The stock market rout for the global banking sector is expected to get worse after Moody's downgraded lenders, with the US and Europe hit the hardest. Before a rebound, Western Alliance Bancorp and First Republic Bank had crashed as much as 75 per cent, as other lenders suffered the fallout of SVB and Signature Bank's collapse.
Now European banks are being dragged down by chaos among investors, with Credit Suisse stocks taking a 28 per cent plunge.
What pushed the Swiss lender downhill?
The dip comes after the Swiss bank's biggest investor Saudi National Bank refused to provide further financial support, to the bank linked to several scandals in the past couple of years.
A major blow to the credibility of Switzerland's second-largest bank came in 2021, when its investors lost $3 billion, as Credit Suisse had provided $10 billion to Greensill Capital that declared insolvency.
In 2022, a data leak revealed that $100 billion deposited at Credit Suisse belonged to drug lords, money launderers and those who indulged in corruption and torture.
Investor losing patience within months?
All this triggered an unprecedented withdrawal of deposits by wealthy clients in October 2022, which hasn't turned around so far.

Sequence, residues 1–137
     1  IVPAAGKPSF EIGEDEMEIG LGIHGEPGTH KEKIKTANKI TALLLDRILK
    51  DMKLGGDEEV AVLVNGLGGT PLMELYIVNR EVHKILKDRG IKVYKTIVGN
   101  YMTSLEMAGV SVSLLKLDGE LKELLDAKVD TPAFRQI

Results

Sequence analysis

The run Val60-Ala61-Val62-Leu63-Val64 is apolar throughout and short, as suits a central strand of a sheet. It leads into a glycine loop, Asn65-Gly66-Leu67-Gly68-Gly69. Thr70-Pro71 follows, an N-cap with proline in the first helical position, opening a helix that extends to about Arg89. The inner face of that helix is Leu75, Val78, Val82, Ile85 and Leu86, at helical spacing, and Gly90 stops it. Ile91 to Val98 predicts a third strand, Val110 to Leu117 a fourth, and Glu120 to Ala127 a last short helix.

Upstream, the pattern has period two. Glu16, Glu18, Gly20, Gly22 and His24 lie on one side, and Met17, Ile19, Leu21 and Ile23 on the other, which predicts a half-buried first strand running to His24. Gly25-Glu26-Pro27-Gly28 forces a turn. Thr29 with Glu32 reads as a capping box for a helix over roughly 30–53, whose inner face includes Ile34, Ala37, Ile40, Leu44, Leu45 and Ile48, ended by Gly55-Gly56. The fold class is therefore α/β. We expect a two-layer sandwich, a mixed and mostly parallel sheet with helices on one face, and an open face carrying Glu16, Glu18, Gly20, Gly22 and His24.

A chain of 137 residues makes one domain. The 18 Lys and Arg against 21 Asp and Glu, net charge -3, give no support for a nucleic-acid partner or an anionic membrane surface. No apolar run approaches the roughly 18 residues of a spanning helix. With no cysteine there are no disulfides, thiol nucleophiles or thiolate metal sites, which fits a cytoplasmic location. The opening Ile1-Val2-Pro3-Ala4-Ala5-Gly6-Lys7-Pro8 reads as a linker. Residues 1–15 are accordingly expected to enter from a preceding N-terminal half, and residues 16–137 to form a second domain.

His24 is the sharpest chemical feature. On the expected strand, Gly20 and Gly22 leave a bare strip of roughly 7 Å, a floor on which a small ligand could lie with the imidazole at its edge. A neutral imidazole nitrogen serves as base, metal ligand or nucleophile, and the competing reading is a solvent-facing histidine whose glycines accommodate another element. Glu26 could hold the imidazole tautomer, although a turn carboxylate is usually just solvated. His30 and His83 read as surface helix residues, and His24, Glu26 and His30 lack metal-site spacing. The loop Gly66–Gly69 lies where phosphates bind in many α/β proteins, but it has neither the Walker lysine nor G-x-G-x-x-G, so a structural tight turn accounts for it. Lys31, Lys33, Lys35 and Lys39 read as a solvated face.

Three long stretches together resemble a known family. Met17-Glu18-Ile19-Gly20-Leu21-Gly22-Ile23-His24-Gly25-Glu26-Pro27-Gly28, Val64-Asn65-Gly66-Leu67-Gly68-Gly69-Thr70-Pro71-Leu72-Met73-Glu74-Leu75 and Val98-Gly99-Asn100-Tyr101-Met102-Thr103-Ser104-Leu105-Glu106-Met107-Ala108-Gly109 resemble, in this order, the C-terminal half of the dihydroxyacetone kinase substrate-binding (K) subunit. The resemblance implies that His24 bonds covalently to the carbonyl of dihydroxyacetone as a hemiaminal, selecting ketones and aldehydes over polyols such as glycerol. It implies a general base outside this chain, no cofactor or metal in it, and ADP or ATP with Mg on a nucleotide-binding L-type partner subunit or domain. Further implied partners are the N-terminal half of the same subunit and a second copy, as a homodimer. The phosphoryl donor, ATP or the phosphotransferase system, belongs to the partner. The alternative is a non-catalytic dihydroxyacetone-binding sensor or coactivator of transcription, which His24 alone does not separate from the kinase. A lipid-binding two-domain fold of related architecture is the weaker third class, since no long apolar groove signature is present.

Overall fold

Saudi National Bank had bought a 10 per cent stake in Credit Suisse late in 2022 for more than $1.5 billion, to become its largest share holder.
But Credit Suisse's stock, which has crashed by 81 per cent since 2021, hasn't stopped sliding down, and Saudi National Bank lost $542 million in months.
Cliffhanger for Switzerland's second-largest bank?
Like Silicon Valley Bank, trading was halted in Credit Suisse stocks as well, as its share prices have hit an all time low.
As it looks for investors amidst the gloom in the banking sector, Credit Suisse is betting big on an IPO for its carved out bank First Boston in 2025.
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